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Is “Wellness” On The Job Possible Without Greater Work Flexibility?

How do we square the circle of wellness in the workplace with studies showing more Americans are work on the weekends and that people now think that a 40-hour workweek is a reduced schedule?

Fotolia_7604390_XSAccording to the 2011 Work+Life Fit Reality Check survey, five out of ten full-time employees believe that their “health is affected–you’re stressed or lack time for exercise” without the ability to work flexibly.

How do we square the circle of wellness in the workplace with studies showing more Americans are work on the weekends and that people now think that a 40-hour workweek is a reduced schedule?

The solution seems to be greater flexibility in how, when and where people can work in order to engage in the activities that contribute to health and well-being, such as exercise, eating well and getting enough sleep. But is wellness on the job possible without work+life flexibility?

To answer this question, I asked health and well-being communication expert Fran Melmed of Context Communications, Inc. and the Free Range Communications blog, to weigh in. Here’s what she had to say:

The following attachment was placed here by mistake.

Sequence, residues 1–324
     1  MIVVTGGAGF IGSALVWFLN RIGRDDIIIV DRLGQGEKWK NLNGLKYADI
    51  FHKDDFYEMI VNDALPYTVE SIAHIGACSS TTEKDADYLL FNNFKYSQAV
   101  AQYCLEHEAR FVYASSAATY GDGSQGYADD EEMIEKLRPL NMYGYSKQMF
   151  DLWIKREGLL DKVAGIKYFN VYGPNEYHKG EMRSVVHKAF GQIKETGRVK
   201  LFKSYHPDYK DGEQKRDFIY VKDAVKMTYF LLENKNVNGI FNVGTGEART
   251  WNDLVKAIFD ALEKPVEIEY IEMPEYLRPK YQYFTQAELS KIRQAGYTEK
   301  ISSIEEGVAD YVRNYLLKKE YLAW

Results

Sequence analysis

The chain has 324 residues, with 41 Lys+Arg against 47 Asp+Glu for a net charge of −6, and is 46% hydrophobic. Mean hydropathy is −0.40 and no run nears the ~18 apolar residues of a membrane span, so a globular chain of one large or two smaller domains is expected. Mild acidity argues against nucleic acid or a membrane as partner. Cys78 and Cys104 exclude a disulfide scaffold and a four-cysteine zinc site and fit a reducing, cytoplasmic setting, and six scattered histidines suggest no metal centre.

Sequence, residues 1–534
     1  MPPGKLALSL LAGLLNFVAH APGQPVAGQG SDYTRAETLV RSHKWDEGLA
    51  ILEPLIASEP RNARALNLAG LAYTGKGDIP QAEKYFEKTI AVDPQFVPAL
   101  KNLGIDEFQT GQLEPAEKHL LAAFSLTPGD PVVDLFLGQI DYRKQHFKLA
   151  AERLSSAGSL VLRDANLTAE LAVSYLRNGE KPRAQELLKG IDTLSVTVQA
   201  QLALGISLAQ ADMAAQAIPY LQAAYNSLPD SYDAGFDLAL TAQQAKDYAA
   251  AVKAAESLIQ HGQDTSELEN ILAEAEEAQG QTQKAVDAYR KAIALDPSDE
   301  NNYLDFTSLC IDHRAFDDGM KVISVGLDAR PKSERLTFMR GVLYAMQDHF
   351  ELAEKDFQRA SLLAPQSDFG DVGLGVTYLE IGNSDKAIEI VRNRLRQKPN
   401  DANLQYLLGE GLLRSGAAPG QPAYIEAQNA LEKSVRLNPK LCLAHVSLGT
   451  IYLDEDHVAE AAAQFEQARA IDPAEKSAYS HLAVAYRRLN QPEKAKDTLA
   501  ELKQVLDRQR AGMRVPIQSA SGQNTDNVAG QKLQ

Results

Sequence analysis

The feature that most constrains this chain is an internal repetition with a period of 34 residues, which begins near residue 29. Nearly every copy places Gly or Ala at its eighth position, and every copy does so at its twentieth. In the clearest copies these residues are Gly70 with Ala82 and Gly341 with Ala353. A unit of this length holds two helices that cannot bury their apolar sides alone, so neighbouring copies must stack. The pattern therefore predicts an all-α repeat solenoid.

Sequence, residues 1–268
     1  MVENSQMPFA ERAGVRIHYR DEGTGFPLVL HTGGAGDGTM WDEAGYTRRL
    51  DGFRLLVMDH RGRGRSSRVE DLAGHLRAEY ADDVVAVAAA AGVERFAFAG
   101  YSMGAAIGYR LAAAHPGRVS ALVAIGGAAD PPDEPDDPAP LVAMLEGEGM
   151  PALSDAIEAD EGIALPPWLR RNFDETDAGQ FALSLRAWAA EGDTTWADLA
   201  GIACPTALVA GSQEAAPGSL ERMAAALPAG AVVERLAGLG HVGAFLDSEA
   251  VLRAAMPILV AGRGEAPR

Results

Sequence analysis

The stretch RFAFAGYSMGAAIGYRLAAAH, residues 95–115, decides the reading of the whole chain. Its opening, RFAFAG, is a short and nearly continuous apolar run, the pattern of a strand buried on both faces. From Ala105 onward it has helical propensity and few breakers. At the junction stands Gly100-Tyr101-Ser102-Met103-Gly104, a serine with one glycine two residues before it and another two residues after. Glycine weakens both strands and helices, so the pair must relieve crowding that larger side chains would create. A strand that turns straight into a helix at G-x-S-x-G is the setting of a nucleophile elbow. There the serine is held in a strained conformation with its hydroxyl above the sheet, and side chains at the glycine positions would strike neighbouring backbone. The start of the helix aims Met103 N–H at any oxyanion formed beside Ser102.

Cali Yost: Fran, every time I hear about a wellness initiative in the workplace, I find myself wondering how it will succeed if it isn’t paired with greater flexibility in the way people are able to their jobs? Do you need work+life flexibility to increase health and well-being on the job?

Fran Melmed: I’m sorry, Cali, but I just can’t get on board with the assumption that people who don’t have flexibility in the way they work can’t achieve increased wellness. Is flexibility part and parcel to wellness? Yes if it lowers stress but you don’t need flexibility to get started. It just enhances whatever you’re trying to do.

Part of the issue is that companies are way too narrow in their definition of well-being. It should include the ability to affect the world, and the mind-body connection. Wellness is also about being able to manage my money and work in my community. All of these things can be enhanced by flexibility, but you don’t have to wait for it before you begin incorporating these things into your life. Maybe you just have to be a bit more “planful.”

Cali Yost: Thank you, Fran. I have to agree with you. Yes, having flexibility in the way you work might improve your chances of engaging in more activities that promote wellness in its broadest sense. But a little better planning can also go a long way!

For more health and well-being wisdom from Fran Melmed, check out her wonderful blog free-range communication and follow her on Twitter @femelmed.

What do you think? Can you have health and wellness in the workplace without greater work+life flexibility? How can being more “planful” help?

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